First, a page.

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Thread: keeping the blade sharp

  1. #11
    Glock27
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    Neat, but how do you determine that. Forty years of doing this ignorantly, a learning process and the beginning was hell, and I guess I still must not have the knack. I strop every third shave and I spend only 30 strokes linen and leather. If the shave is not working at that point I return to the strop for another 10 to 20 strokes each. I use multiple razors so my honing times is measured in many months. Some razors cut better than others and I have not been able to overcome the lazy razor (possibly the metal content). But, your descriptor could use a bit more clarification to those of us who tend to be a bit ignorant to the art.

  2. #12
    Senior Member blabbermouth
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    My go to is a 30x jeweler's loupe. Costs like 3 bucks on amazon. Having more helps in the beginning when you're just starting to get an idea what you're looking at, but isn't necessary.

  3. #13
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    My experience is much like yours. I have a fast growing, tough beard that quickly dulls an edge. If I shave with a DE, I can only get a couple of three-pass shaves before the blade begins to tug, even with a Feather blade.

    When using a straight, I like using paddle strops with 0.5 and 0.25 micron CBN pastes every couple of shaves to keep the edge sharp.

  4. #14
    At this point in time... gssixgun's Avatar
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    Quote Originally Posted by metulburr View Post
    Then i feel like i am at #2. I can sometimes put myself back at #1 by trying to get up to #3 ....if that makes sense.

    i think i got to the point where i feel like im not doing anything when stropping. If i do it the way i should, it doesnt feel like it does anything.

    For others: Its a Gold Seal USA/Germany razor, and not a pasted strop due to having a stone. How much magnification do you need to look at a razors edge? not sure if i have anything. I think im doing OK with honing because the blade is great after the stone for numerous shaves. i always feel worried stropping is going to ruin the edge made by the stone.
    Some of the things that I have noticed at the meets

    Where you hold the razors, I have seen many with their fingers on the flats, not a bad thing but if your fingers are on the corners of the tang it allows you to torque the edge the way you want

    Speed, It does NOT make your stropping better it really doesn't 1- 1thousand up,,,, 2- 1 thousand back is plenty fast

    Pressure, light but steady

    Strop Taut, This comes with experience, but the idea that the strop must be held with a grip of steel and flat as a board will change over time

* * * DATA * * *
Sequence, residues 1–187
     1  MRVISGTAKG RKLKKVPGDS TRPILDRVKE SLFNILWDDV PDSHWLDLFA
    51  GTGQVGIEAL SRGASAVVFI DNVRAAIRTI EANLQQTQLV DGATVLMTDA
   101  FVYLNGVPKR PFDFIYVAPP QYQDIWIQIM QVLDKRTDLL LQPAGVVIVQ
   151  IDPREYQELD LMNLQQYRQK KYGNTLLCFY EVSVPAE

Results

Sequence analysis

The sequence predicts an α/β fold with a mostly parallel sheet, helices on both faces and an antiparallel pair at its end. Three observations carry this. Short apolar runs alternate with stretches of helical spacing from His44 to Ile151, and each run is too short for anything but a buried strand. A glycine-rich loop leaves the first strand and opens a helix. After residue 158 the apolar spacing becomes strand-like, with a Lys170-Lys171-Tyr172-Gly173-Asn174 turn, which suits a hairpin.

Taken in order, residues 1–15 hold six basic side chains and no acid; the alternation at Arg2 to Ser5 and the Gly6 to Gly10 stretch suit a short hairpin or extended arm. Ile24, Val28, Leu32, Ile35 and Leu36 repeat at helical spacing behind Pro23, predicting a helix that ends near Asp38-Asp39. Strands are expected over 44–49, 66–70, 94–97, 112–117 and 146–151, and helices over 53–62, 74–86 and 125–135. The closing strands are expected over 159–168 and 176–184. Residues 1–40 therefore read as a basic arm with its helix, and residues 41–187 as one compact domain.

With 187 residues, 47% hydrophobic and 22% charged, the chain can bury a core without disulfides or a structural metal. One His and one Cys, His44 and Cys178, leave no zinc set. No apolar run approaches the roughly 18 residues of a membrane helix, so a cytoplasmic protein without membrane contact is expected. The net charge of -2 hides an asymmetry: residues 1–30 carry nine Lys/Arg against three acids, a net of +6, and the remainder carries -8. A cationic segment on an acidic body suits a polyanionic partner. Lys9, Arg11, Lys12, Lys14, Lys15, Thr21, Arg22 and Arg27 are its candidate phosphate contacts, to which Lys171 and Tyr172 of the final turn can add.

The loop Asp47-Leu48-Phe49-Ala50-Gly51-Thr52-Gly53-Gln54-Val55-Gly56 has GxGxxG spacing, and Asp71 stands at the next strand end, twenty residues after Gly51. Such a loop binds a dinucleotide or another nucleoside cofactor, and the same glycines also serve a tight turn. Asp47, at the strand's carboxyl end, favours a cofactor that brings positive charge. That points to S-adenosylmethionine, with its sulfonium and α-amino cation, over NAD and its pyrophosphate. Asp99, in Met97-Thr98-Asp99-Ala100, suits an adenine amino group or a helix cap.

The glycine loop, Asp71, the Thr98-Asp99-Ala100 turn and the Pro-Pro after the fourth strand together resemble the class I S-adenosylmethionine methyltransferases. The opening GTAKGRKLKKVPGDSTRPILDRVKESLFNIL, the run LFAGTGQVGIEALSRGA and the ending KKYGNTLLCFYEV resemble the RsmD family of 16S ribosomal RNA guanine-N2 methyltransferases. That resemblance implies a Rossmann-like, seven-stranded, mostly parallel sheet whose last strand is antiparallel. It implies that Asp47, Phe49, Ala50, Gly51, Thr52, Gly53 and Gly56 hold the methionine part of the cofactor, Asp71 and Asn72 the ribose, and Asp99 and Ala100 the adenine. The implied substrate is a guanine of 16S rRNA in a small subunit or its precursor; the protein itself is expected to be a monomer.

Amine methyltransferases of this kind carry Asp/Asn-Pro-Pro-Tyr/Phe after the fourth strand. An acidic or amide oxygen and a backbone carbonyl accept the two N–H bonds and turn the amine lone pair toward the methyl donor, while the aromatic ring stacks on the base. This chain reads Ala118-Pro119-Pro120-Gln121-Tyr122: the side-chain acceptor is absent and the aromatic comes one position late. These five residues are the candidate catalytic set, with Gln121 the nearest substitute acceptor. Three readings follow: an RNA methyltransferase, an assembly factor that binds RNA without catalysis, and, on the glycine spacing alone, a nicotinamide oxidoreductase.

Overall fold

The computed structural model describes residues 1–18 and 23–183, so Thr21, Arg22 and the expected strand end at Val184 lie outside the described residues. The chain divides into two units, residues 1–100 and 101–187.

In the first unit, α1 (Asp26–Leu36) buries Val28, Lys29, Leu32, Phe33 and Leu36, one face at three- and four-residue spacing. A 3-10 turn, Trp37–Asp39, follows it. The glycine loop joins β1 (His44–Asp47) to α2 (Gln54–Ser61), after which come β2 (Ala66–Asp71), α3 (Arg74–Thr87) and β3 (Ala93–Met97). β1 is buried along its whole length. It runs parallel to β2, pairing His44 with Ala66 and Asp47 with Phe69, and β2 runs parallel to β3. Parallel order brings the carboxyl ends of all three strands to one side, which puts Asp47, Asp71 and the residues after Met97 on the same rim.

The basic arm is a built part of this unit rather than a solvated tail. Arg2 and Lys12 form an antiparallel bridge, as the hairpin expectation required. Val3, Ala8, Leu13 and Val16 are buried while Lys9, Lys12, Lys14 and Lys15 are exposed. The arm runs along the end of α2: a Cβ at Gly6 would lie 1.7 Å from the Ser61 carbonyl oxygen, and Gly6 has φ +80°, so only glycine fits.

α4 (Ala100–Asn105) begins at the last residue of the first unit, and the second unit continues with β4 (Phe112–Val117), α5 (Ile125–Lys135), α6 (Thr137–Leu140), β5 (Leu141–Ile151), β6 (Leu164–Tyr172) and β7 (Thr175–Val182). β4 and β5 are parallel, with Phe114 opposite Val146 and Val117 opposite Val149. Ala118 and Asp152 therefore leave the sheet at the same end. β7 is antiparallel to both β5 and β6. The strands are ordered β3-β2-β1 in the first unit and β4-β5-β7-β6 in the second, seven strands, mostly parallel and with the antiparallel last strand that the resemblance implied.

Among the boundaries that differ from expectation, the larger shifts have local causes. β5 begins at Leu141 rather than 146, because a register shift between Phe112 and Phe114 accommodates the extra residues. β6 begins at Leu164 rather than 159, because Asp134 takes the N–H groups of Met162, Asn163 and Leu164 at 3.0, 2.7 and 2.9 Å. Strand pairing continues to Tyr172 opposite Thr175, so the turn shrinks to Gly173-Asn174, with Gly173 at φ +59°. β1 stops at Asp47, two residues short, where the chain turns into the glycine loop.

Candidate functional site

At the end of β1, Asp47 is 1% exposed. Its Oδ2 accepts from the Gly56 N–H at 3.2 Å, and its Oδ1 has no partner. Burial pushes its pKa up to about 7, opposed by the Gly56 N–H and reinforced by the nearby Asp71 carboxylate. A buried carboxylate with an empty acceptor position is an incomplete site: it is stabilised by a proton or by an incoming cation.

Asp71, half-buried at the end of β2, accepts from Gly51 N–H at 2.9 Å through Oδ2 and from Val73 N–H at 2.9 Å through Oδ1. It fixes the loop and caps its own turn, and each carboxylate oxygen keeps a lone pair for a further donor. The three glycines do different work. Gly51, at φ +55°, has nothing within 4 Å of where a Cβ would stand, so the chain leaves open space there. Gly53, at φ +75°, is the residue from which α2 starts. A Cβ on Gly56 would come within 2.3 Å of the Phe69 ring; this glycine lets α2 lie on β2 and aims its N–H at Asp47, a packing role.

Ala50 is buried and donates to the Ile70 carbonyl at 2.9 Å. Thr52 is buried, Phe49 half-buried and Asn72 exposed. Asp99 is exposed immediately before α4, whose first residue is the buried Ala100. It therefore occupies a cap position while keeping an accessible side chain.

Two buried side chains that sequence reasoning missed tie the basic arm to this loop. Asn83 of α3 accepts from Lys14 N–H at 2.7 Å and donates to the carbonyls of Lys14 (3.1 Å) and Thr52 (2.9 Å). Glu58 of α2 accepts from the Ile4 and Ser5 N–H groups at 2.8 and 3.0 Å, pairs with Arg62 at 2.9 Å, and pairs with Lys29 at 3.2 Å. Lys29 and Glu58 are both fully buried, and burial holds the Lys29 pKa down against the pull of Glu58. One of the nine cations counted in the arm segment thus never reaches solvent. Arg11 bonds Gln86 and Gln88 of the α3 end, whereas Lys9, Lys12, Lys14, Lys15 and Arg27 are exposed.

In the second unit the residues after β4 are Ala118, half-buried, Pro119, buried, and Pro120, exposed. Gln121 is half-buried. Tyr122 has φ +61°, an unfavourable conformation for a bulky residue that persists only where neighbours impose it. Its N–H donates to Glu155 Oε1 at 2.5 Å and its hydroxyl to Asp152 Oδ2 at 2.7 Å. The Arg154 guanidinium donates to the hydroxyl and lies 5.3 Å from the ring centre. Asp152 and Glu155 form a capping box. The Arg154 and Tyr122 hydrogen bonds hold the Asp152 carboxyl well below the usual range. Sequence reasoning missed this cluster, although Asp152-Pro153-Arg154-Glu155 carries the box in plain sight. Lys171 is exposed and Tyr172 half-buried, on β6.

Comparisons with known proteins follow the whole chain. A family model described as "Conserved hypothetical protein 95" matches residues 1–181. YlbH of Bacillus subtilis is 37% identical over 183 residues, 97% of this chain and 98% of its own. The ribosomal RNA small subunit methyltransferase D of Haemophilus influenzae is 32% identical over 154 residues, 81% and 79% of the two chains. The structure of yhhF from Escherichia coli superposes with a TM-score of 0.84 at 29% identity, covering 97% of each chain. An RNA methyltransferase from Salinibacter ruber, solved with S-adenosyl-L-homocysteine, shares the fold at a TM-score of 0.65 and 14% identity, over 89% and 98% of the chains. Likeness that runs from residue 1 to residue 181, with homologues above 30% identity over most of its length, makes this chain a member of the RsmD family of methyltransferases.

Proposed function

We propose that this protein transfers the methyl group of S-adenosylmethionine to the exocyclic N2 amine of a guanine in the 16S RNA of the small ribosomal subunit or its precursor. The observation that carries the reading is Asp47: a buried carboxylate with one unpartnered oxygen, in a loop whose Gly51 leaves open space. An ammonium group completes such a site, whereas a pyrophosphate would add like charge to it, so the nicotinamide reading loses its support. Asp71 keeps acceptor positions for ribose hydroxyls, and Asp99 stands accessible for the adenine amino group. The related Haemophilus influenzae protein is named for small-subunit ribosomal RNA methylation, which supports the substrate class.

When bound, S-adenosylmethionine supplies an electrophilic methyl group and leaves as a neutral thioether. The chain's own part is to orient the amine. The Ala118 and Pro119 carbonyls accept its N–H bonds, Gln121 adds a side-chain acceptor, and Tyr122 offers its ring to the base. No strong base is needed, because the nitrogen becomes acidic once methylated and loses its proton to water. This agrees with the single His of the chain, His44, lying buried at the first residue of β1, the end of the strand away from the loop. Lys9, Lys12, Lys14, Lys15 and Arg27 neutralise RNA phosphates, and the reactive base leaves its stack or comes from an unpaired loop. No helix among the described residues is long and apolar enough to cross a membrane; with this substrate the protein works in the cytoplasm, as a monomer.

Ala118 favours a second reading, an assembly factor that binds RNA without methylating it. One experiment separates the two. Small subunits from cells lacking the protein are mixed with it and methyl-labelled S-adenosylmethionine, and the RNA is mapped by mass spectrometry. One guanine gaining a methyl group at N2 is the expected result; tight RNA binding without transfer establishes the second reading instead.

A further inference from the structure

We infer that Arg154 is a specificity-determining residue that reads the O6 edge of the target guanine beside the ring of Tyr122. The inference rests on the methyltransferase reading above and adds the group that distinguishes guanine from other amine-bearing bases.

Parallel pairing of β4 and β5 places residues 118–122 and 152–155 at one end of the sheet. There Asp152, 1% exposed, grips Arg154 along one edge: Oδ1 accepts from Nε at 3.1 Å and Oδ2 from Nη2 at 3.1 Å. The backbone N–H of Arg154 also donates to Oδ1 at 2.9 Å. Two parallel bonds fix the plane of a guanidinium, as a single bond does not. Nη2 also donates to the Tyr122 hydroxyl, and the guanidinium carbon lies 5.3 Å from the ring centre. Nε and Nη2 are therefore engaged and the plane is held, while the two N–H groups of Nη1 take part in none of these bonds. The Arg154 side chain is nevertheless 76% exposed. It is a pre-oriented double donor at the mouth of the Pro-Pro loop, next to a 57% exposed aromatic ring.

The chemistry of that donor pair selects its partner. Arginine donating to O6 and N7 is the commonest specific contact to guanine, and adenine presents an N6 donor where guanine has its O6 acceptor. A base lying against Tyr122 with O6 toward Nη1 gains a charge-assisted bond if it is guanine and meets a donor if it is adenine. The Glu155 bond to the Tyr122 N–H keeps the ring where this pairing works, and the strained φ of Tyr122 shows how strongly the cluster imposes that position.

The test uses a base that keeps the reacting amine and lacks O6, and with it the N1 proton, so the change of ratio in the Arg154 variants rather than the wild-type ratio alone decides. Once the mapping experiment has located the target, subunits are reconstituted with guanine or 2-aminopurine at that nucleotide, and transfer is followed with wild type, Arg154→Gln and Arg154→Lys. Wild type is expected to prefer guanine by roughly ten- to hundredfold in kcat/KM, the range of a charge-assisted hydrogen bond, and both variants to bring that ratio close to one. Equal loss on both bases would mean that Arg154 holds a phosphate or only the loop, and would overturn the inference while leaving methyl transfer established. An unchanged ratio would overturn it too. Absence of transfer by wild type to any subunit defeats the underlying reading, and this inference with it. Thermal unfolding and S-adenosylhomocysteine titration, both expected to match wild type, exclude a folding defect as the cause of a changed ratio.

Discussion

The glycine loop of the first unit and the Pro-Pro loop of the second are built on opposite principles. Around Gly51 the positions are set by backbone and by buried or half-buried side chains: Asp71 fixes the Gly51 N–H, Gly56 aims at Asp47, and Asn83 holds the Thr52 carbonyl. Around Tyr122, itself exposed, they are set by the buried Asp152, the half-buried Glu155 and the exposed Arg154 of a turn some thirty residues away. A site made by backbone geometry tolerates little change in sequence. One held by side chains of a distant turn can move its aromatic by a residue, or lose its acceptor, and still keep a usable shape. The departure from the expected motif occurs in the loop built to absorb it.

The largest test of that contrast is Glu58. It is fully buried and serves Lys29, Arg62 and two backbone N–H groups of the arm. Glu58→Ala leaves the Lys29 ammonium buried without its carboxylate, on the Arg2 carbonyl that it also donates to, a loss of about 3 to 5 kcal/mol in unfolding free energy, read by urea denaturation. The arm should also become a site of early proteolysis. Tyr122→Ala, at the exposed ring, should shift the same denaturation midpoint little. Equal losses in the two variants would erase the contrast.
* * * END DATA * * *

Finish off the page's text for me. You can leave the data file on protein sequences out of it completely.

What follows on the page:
I usually say "Taut" not "Tight" it is a subtle difference but it is a difference


    You might want to read this thread for even more tips and tricks

    StropTober: Beginning Oct 1st 2012
    rodb, Phrank, Steel and 1 others like this.

  5. #15
    Senior Member blabbermouth
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    60x is a good starting point for a new honer, and can be purchased for as little as $2 up to $15 on line. There are many recent posts on magnification.

    More important that the quality of the magnification is understanding what you are seeing. Here is a post where a new honer takes a razor from Ebay find to shave ready. (Second Try at Honing). It is filled with good micrographs of what to look for in an edge.

    Is your 12k synthetic or a Natural stone? A good synthetic like a Naniwa Super Stone will revive an failing edge, a Natural may not, at least not with out a lot of work or lower grit stones.

    Read the first three post in the Honing Forum, they have a lot of good information on honing for the beginner. You issue may not be a stropping issue as it may not be properly honed.

  6. #16
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    Quote Originally Posted by Euclid440 View Post
    Is your 12k synthetic or a Natural stone?
    its a naniwa synthetic. Though i dont consider myself an expert honer...i feel like i am decent with it sufficient enough to fix the edge to shaving required. A couple years ago i nicked the faucet with one of my razors, As well as droped the razor on the floor, and you could see the light mis-direction from the dings with your plain eye. I had to step down the grit and rebuild the edge completely on both accounts. I have gotten razors honed from users on this forum that i use as a sharp example.

    Though the one thing i have never done is look at a blade's edge under magnification. I will have to buy one. EDIT: I checked out online, but some reviews say that the cheap ones when advertised as 30X are really only like 10X. Can you link me a cheap good one?